2012 has been a very good year for English punk-folk singer Frank Turner. Still riding high on the success of his 2011 release, England Keep My Bones, Turner has played 116 shows to date, not counting his gig tonight in Baltimore or the four shows he played with his hardcore side project Mongol Horde (more on that later). Along the way, he performed at the Opening Ceremony of the Summer Olympics, sold out Wembley Arena and visited Conan  to play his hit, “I Still Believe.” AP caught up with Turner during his stop in Phoenix to talk about his upcoming album, recording in California and the toils of performing in a hardcore band.

Interview: Brittany Moseley

Once the tour’s over, you’re heading to California to record the next album, right?
Yeah, we’re heading to Burbank, California. We’re recording with a guy called Rich Costey who is an amazing producer who I’ve dreamed of working with for many years, but have only recently had the time and the resources to work with. We did a week’s pre-production before the tour. He’s amazing; me and my band all love him.

The main problem that we’ve had—and it’s a good problem to have—is I’ve got way too many songs on the table. At one point there were 25. As much as it can be tempting to think of doing a double album, that’s generally not a good idea historically. The main thing right now is whittling down the song list, but even so it’s a good problem because it means that the finished record will be all killer no filler.

Have you noticed a theme developing among the songs you’ve written so far?
I try not to think too much about that kind of thing. To me, creation and analysis should be two [separate] parts of it. When I’m actually writing and recording and making the record, it’s important to me to just shut my eyes and let it happen and not get too analytical about it.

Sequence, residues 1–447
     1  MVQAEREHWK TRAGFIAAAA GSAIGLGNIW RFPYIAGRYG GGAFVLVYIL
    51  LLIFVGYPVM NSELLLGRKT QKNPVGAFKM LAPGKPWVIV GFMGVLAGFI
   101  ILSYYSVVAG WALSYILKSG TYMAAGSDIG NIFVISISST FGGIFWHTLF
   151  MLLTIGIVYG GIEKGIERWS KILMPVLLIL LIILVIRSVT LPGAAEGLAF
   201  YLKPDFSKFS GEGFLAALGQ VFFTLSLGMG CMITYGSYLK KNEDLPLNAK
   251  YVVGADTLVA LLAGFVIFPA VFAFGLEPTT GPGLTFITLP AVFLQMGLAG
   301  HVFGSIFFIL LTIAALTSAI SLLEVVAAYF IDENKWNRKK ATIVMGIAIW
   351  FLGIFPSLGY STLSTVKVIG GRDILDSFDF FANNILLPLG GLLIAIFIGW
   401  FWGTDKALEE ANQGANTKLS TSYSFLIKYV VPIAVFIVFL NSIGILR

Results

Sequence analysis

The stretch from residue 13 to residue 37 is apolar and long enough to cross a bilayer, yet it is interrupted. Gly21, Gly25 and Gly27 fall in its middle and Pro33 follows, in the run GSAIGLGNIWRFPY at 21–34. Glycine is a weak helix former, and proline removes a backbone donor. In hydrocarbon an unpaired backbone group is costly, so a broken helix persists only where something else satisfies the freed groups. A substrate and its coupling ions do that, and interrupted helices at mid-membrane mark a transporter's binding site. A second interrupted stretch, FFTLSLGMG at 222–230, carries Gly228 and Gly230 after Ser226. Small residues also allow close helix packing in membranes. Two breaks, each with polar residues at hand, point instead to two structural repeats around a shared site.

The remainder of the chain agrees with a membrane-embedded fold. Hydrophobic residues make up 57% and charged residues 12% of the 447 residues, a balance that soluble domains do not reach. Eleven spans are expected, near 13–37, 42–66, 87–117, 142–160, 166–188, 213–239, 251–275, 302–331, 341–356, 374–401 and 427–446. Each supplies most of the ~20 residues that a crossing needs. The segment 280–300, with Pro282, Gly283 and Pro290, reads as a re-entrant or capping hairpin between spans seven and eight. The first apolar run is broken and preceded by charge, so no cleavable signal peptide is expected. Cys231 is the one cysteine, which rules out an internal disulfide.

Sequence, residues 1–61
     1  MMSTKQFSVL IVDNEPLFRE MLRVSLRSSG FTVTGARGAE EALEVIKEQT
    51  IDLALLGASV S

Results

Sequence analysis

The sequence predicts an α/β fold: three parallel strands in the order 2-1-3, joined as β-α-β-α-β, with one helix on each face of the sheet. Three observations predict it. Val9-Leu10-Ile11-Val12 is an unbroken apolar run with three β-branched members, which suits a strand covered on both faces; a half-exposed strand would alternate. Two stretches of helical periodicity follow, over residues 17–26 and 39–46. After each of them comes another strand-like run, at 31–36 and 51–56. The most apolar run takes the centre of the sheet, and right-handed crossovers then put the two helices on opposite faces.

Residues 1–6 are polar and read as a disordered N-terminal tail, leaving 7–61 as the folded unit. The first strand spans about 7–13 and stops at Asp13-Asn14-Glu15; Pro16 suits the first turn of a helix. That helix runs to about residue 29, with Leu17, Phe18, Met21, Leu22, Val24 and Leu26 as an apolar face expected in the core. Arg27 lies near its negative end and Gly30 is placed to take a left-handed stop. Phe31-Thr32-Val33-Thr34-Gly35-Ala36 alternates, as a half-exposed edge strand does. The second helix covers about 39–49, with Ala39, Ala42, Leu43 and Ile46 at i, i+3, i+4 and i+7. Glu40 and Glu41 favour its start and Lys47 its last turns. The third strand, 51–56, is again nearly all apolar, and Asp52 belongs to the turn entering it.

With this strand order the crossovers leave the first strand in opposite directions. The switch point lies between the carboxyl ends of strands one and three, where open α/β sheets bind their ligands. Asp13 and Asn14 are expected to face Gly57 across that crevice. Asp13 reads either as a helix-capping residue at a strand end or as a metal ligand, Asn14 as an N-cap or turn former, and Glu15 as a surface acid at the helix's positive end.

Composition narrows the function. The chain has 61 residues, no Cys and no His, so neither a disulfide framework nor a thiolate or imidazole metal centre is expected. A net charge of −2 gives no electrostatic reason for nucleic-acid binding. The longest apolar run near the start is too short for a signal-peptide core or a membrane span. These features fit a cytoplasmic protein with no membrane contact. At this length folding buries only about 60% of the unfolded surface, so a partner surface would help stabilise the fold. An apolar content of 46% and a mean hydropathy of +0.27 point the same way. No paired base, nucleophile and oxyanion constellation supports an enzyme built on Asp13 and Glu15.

Having said all that, there’s obviously a few things I can tell you. It’s kind of turned into a breakup record for me, which means they’re maybe not the cheeriest songs I’ve written, but hopefully there’s some optimism in there somewhere.

What’s different about these new songs? What can fans expect?
I think I’m getting better at songwriting with time. I think these songs are better than the ones I’ve done before. I’m really happy and proud of how they sound, lyrically in particular. I really feel like I’ve been pushing myself lately to be more in-depth with what I do and what I say and with the poetry of the whole thing.

Musically it’s not unlike what I usually do. It’s a mixture of stuff that’s just me on my own with my acoustic guitar and stuff that’s done with the whole band. There’s some really quite heavy stuff on there and there’s some light acoustic stuff as well. Hopefully it’s a well-rounded piece of work.

Switching gears, I want to talk about Mongol Horde. Why did you decide to start a hardcore side project?
It’s something that I’ve wanted to do for a long time. I grew up with that kind of music and I played in heavy bands for a long time—much longer than I’ve played the music I play now. Also the drummer I’m playing with in Mongol Horde is a guy called Ben Dawson who I grew up with. He and I played in bands together from age 10 to 23. It’s never something we really discussed; we just knew we’d play together again. And then I finally found some gaps in my schedule to put things together and make time to write some songs, make some demos and do some shows, which was really good fun. It was kind of like scratching an itch, doing music that heavy again. It was quite creatively refreshing for me to do.

It’s definitely a side project for me, as in when we’ll be doing an album and a tour—which are both things I want to do—I’m just not really sure when we’re going to do those because it has to be on down time during my days off.

What was it like playing live with Mongol Horde at the Leeds and Reading festivals?
The shows were really hectic. We played for 28 minutes, I think our set was. [Laughs]. I discovered that I’m no longer 23 because at the end of the set I literally felt like I was having some sort of gigantic pulmonary collapse. It was really fun, and there’s something kind of primal-screamy about playing that kind of music and performing in that way. You come off stage and you’re utterly, completely 100 percent drained of all energy and emotion and sweat. It feels good.